More thoughts that have been bouncing around in my head...
When not building models of stuff, I do a few hours work in a small, local, cinema. In addition to films we also host live shows and at a recent talk given to a local horticultural society I found myself working the slide projector for the speaker.
His speciality was creating gardens based on natural landscape forms and the main text revolved around the places he found to inspire his designs. We had photographs from around the world as well as a small selection of the finished projects in this country. There wasn't actually much practical advice for the audience but plenty to help them come up with their own grand designs.
This set me thinking - just over a hundred people had come together in an auditorium for a very high level talk on garden design. Would it be possible to get a similar number to attend to listen to a talk on designing model railways ?
Lectures in our hobby have a long history. Look at any ancient magazine and you'll find mention of Mr Chumley-Warner giving a talk on LNWR level frame locking or similar to The Model Railway Club. These always conjure up in my mind an image of gentlemen (no ladies present) sitting in starched suits and sporting fine moustaches listening attentively as the speaker drones on about some arcane topic. I'm not sure at what date the trend for these died out but presumably there was a gradual shift over the years from everyone sitting and listening to an expert to rooms full of people building layouts, and having to listen to loads of "experts"...
At Model Engineering shows there are still lecture programmes. Sadly, those I’ve been to have been woefully under supported despite being part of the entry package. One on metal forming particularly sticks in my mind as the speaker explained how you would take an oval sheet and form it into a dome or even a teapot, all with just a selection of hammers and a bit of wood. There are even talks at the boat show, again never seeming to attract more than ten or so people at a time. Some of the subjects tend towards the esoteric which shows by the regular reminders that the talk is about to take place over the PA system.
On that basis maybe my idea isn’t sound. The difference would be that the audience would be coming specifically to hear the talk. There wouldn’t be the call of lovely trade stands and some retail therapy to distract them.
The talk itself would (in my head) be a walk through of models produced by the speaker. Although practical aspects would be mentioned, most of the text would revolve around how and why various decisions were made along with the inspiration behind them. Behind the speaker would be a selection of pictures showing both the model and prototype. At the end of the session the idea would be for the audience to get a window into the creative process and pinch some ideas for themselves.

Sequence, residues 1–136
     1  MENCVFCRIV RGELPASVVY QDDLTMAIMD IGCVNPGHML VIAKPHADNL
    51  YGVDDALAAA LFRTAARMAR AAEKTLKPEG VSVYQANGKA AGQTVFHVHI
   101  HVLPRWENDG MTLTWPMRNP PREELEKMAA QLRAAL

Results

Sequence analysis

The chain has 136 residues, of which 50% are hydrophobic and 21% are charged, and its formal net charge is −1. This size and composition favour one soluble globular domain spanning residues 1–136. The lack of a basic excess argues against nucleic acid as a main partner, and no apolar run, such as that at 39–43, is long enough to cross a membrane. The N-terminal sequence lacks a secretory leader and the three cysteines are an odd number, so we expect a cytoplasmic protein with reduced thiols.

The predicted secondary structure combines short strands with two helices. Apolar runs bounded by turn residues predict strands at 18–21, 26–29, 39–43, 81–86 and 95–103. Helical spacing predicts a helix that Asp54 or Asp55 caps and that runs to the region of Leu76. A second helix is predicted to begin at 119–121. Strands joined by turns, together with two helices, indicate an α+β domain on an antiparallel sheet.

After the main talk and probably an interval, the session would finish with questions and answers. These might well be a lot more practical but a clever speaker will have to work a bit to avoid the session dissolving into a rabid argument over religiously held positions such as DC or DCC. At the end of the day, the audience is there to find out in reasonable detail how the speaker produced stuff, not to air their own prejudices.
But would anyone pay to attend this ?
Well, first of all they would have to pay. My own experience of writing and presenting talks for conferences tells me that there is at least a day’s work putting the text together and a set of slides on a laptop. Planning will probably take another day. Then there are travel expenses and possibly even venue hire. The talk I mentioned at the start cost (I think) around a fiver a head. With approaching 100 people there that might sound like a reasonable rate, especially if the same talk could be re-used around the country but the evenings work is likely to net the speaker less than a fifth of this before tax - not a great return. If the talk was part of a book promotion or a spin off from the guests main business then this makes things more possible.
As it happens, I can see the appeal as a punter. There are many layouts out there I’d like to know more about and chatting at a show isn’t really a substitute for a proper, structured, comprehensive lecture. All of this could be stuffed in paper form but the interaction with the audience would be lost. Likewise a DVD version wouldn’t be as good as you can’t ask questions or get elaboration on interesting points.
So, could this be another exhibition strand for the future ?